Why don’t you start with REXML and put a wrapper on it?
Then publish it for everyone to enjoy.

Or do you find REXML too slow for your use?

Hal

On Jul 31, 2006, at 6:16 AM, chiaro scuro wrote:

  • people.each_person {…}
  • people.person[2].name
  • people.person.name #takes the first person
  • people.person.size

etc…

Any suggestion?

Look here:
http://code.whytheluckystiff.net/hpricot/

or here:
http://cvs.m17n.org/~akr/htree/

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Hi,

chiaro scuro wrote:

Does anybody know of a library that allows to go through an xml tree as if
it were made of normal objects?

What I need to do is to be able to traverse an xml document as in:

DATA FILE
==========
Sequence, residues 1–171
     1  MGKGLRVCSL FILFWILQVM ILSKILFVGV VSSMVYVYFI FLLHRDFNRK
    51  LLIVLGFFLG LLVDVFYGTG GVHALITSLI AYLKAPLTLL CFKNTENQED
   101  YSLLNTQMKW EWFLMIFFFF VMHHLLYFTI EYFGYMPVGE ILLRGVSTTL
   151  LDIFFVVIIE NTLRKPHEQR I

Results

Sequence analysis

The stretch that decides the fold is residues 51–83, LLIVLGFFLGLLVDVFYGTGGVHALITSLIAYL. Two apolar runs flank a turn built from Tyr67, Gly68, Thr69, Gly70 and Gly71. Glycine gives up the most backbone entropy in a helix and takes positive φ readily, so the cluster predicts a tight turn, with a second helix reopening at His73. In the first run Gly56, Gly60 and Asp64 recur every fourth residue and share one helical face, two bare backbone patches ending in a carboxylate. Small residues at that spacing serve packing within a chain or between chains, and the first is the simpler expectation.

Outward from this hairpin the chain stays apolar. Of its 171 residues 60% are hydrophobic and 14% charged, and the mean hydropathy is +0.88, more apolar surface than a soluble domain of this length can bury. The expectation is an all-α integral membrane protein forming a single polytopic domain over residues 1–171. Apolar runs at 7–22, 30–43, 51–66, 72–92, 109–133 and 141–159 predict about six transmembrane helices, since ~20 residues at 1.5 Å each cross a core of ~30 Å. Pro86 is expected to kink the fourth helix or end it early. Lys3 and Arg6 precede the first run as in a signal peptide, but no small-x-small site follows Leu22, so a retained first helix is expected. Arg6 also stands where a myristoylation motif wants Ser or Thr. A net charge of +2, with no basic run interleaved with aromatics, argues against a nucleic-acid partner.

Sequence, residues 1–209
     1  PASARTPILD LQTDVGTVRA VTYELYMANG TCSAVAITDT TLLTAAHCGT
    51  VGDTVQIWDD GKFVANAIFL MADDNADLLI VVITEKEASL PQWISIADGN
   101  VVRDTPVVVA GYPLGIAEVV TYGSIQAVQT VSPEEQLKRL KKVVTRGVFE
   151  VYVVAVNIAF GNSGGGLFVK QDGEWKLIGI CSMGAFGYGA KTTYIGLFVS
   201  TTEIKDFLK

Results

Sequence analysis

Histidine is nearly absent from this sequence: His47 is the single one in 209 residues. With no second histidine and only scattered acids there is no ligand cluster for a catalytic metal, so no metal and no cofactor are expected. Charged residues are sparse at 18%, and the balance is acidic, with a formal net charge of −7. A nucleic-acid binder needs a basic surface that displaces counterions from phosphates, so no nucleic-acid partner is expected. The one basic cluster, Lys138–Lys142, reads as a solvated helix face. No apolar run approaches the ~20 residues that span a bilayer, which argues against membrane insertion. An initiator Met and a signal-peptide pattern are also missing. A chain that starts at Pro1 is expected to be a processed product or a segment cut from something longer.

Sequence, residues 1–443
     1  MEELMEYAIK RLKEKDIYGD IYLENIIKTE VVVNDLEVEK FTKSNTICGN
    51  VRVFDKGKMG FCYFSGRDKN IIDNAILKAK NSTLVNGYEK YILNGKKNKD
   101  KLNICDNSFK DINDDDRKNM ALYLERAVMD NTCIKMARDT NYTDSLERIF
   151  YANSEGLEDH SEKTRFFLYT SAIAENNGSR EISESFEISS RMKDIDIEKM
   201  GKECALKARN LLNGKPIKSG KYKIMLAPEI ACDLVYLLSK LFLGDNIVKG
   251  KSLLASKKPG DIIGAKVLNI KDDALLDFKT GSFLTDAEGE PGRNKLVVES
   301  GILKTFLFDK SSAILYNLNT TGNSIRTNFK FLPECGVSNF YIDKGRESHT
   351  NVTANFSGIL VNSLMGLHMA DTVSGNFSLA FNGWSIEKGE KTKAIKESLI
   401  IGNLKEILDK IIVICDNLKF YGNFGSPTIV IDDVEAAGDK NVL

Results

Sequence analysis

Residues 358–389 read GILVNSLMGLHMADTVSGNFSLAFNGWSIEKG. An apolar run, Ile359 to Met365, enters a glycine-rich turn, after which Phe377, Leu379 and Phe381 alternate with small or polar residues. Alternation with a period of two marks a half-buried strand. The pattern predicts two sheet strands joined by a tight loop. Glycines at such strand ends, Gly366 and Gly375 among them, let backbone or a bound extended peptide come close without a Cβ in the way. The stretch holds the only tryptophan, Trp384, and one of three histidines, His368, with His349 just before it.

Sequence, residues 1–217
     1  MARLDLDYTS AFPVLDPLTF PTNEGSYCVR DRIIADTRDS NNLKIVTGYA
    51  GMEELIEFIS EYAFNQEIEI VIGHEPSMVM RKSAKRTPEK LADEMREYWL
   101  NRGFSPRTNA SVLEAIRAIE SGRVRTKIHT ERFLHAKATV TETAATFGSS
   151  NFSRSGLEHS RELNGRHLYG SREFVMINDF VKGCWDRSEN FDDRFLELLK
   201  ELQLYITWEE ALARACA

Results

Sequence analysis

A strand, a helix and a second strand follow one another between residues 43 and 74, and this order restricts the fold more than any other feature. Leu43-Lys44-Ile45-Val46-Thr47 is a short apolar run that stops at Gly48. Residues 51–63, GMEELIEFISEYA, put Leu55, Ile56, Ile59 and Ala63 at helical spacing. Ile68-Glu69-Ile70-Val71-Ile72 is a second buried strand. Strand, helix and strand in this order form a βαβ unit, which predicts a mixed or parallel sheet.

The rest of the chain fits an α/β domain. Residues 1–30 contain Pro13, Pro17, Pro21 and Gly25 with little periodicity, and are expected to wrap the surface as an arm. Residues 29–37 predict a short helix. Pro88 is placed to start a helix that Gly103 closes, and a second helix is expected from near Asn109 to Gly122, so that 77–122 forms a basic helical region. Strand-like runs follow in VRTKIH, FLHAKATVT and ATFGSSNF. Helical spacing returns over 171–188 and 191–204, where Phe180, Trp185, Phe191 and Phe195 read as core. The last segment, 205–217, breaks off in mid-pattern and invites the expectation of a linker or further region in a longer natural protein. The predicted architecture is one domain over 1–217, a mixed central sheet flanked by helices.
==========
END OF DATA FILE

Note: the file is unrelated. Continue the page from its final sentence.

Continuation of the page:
• people.each_person {…}
  • people.person[2].name
  • people.person.name #takes the first person
  • people.person.size

0% cat people.xml


name1
1


name2
2


name3
3


0% irb
irb(main):001:0> require ‘xsd/mapping’
=> true
irb(main):002:0> people = XSD::Mapping.xml2obj(File.read(“people.xml”))
=> #<SOAP::Mapping::Object:0x3592020
{}person=[#<SOAP::Mapping::Object:0x3591ea0 {}name=“name1” {}size=“1”>,
#<SOAP::Mapping::Object:0x3591684 {}name=“name2” {}size=“2”>,
#<SOAP::Mapping::Object:0x3590f7c {}name=“name3” {}size=“3”>]>
irb(main):003:0> people.person.each { |person| p person }
#<SOAP::Mapping::Object:0x3591ea0 {}name=“name1” {}size=“1”>
#<SOAP::Mapping::Object:0x3591684 {}name=“name2” {}size=“2”>
#<SOAP::Mapping::Object:0x3590f7c {}name=“name3” {}size=“3”>
=> [#<SOAP::Mapping::Object:0x3591ea0 {}name=“name1” {}size=“1”>,
#<SOAP::Mapping::Object:0x3591684 {}name=“name2” {}size=“2”>,
#<SOAP::Mapping::Object:0x3590f7c {}name=“name3” {}size=“3”>]
irb(main):004:0> people.person[2].name
=> “name3”
irb(main):005:0> people.person.name
NoMethodError: undefined method `name’ for #Array:0x6b22108